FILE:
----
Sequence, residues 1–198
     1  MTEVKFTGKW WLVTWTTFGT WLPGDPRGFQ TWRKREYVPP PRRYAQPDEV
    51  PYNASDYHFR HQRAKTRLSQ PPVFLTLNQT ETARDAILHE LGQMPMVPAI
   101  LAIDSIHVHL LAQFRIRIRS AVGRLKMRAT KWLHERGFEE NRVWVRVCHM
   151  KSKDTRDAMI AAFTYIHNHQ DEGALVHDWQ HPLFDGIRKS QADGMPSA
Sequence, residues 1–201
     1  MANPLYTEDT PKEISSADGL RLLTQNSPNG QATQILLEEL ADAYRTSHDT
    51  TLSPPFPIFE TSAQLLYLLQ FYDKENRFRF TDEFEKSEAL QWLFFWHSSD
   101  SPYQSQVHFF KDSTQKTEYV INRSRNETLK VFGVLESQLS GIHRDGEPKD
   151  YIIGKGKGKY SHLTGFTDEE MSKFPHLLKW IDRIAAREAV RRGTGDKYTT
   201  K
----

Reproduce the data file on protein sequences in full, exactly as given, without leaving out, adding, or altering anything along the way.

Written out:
Sequence, residues 1–198
     1  MTEVKFTGKW WLVTWTTFGT WLPGDPRGFQ TWRKREYVPP PRRYAQPDEV
    51  PYNASDYHFR HQRAKTRLSQ PPVFLTLNQT ETARDAILHE LGQMPMVPAI
   101  LAIDSIHVHL LAQFRIRIRS AVGRLKMRAT KWLHERGFEE NRVWVRVCHM
   151  KSKDTRDAMI AAFTYIHNHQ DEGALVHDWQ HPLFDGIRKS QADGMPSA
Sequence, residues 1–201
     1  MANPLYTEDT PKEISSADGL RLLTQNSPNG QATQILLEEL ADAYRTSHDT
    51  TLSPPFPIFE TSAQLLYLLQ FYDKENRFRF TDEFEKSEAL QWLFFWHSSD
   101  SPYQSQVHFF KDSTQKTEYV INRSRNETLK VFGVLESQLS GIHRDGEPKD
   151  YIIGKGKGKY SHLTGFTDEE MSKFPHLLKW IDRIAAREAV RRGTGDKYTT
   201  K